In light of the Harper government's recent tough stance on the Palestinian state, I thought I'd take a look back to see what Mr. Harper had to say about Canada's presence on the foreign stage while the Liberals were in power in 2002:
"The moral equivalence approach to foreign affairs and domestic security is not simply misguided or wrong, though it is both of these. The real danger of moral equivalence is that its outcome is exactly the opposite of what the Liberals claim to desire.
It makes Canada's influence ever more irrelevant on the world stage, our military more dependent on the United States and our citizens ever more susceptible to renewed threats of terrorism. For the past eight years, the government has championed the slogan of "soft power" or the use of persuasion and diplomacy to advance Canadian objectives internationally. However, in the process, Canada's "hard power" capabilities – intelligence, financial aid oriented to strategic stability and military power – have all been ignored.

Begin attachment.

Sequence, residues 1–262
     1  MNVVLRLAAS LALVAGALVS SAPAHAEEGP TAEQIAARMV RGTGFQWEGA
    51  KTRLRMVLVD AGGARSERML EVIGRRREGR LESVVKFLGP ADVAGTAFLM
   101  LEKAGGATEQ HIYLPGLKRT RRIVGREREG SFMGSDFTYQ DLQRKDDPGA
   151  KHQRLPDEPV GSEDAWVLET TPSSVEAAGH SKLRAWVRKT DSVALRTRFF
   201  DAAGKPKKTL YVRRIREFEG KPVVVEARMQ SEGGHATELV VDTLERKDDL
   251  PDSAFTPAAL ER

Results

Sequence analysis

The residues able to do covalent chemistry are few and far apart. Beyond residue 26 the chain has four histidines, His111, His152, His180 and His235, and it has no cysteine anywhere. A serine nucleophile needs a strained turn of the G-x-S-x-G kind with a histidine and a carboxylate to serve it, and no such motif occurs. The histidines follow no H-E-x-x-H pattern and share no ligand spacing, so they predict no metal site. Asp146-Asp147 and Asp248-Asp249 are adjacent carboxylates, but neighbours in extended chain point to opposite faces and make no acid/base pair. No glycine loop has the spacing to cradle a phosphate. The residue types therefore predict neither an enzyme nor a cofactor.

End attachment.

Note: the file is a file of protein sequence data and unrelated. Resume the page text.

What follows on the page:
In essence, the government has pursued "soft power" without the requisite "hard power" to back it up. As a result, Canada is no longer taken seriously by our major allies because it brings almost nothing to the table."
Why should Canadians have been so shocked that the Harper/Baird duo took a hard-line stance against Palestine? Mr. Harper wants throw his "muscle" around and play with the world's "big boys"; he made this quite clear in this speech from February 2, 2002.
And, as an aside, perhaps this explains the government's desire to pick up a few billion dollars worth of F-35s.
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